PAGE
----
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Keeping Promises in Madison
Last week, the Republican led legislature and I passed a balanced budget, complete with a permanent property tax cap, became history along with collective bargaining reform.  The best budget in 15 years, fiscal sanity and historic conservative victories … that’s a tough week to follow.
We promised that part of our agenda would be rooting out fraud, waste and abuse, and a major step toward that goal came this week.  The governor’s Waste, Fraud and Abuse commission unveiled a preliminary report that finds $260 million in potential savings – that’s no chump change, even though the Democrats would no doubt prefer $260 million in tax hikes to just pay for it.
Also this week, we unveiled a proposal to fulfill another constitutional responsibility: reapportionment of the congressional and legislative districts.  This proposal will make its way through the Legislature like any other bill, in an open and publicly accessible process.  The Democrats and their high-priced lawyers are already licking their chops to file a lawsuit … it’s increasingly disappointing that Republicans seem to be the only ones in the Capitol who take our constitutional duties seriously.
Unfortunately, it feels more and more like the day they fled the state, the Democrats shifted their focus from moving Wisconsin forward, to their own political gain.  This permanent campaign-and-litigation cycle isn’t good for Wisconsin, but the Democrats are putting all their eggs into that basket – fight, bicker and throw mud at every opportunity, whether or not it’s good for the state as a whole.
Keeping promises, fulfilling responsibilities and getting Wisconsin back on track… that’s my agenda for Madison.
WisBusiness: Business Leaders Laud Budget
On Tuesday, posted a long, laudatory profile of the Republican budget from the perspective of Wisconsin’s business leaders.  Excerpts:
“Wisconsin business leaders say they're extremely pleased with most of the $66 billion two-year budget bill now signed into law, with one calling the changes in the first six months of Gov. Scott Walker's term ‘truly remarkable.’”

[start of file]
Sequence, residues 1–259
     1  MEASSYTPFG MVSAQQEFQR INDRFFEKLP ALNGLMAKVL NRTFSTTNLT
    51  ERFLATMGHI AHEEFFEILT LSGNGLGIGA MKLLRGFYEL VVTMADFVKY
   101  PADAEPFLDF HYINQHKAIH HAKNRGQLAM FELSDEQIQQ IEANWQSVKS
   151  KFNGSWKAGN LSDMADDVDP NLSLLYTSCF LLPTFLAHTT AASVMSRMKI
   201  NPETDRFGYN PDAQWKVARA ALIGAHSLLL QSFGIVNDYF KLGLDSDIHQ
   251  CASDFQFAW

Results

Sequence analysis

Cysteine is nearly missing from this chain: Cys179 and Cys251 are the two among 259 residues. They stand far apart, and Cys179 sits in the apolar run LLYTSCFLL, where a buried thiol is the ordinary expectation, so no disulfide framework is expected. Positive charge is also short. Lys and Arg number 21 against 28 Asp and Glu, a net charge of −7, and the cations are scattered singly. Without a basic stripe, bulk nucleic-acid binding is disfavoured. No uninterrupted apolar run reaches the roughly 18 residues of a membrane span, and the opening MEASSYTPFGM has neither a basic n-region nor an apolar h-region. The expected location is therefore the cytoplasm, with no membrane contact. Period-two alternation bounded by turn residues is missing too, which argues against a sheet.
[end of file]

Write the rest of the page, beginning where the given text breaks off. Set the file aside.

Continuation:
“[B]usiness leaders appear overwhelmingly in favor of Walker's moves.”

“But his greatest praise was for passage of a balanced budget without raising taxes. “

“[T]he balanced budget contrasts Wisconsin ‘very nicely’ with the neighboring states of Illinois, which has raised taxes, and proposed tax hikes in Minnesota.”
June Report:- Small Job Gains, High Unemployment
President Obama’s economic policies are failing to ignite job growth.  Today’s national labor report shows that hiring came to a near stand still in June with only 18,000 new jobs created.  The unemployment rate rose to 9.2 percent, the third consecutive increase in the past three months and the highest it has been in 2011.  This is the fewest number of jobs gained in nine months. 
The U-6, the measure of those out of work, no longer looking for work or underemployed, also rose from 15.8 percent to 16.2 percent.
To make matters even worse, May’s job numbers have been revised from the initial estimated increase of 54,000 to 25,000. 
“Today’s shocking jobs report represents a modern record of 29 straight months with unemployment above 8 percent, and falls on the 800th day since congressional Democrats have passed a budget. This report is more proof that job creation in America is nowhere near where it needs to be for a strong recovery to occur, and that immediate action is needed to change course.” – Column by Rep. Paul Ryan, Senator Jeff Sessions: Jobs and the Punting of Responsibility
Wall Street Journal: Jobs data dim recovery hopes
Bureau of Labor Statistics. Employment situation summary
Unemployment Insurance Extension Teed Up
On Monday, Sen. Wanggaard has scheduled a committee hearing on a bill to extend unemployment benefits for an additional 13 weeks, as has been done in an overwhelming majority of states.
The bill, Senate Bill 147, changes the “trigger” for extended unemployment, from a two-year look-back to three years, allowing beneficiaries to qualify for 13 additional weeks of extended unemployment dating back to April, 2011.  The extended benefits are 100% federally funded, and will not add to the state’s existing unemployment fund debt.
This legislation is the product of recommendations from the Unemployment Insurance Advisory Council, which provides guidance to the Legislature on unemployment insurance legislation. It captures $89 million in federal funds and will provide benefits for approximately 10,000 Wisconsin families.
The Senate Committee on Labor, Public Safety and Urban Affairs and the Assembly Committee on Labor and Workforce Development will hold a joint hearing on Monday, July 11th, at 10:00am in Room 412 East of the State Capitol. A vote in the Senate Committee will be held immediately following the hearing.
The bill will likely be voted on by the full Legislature during the July Extraordinary Session.
Please contact the Fitzgerald office for additional information.
Reapportionment Plan Unveiled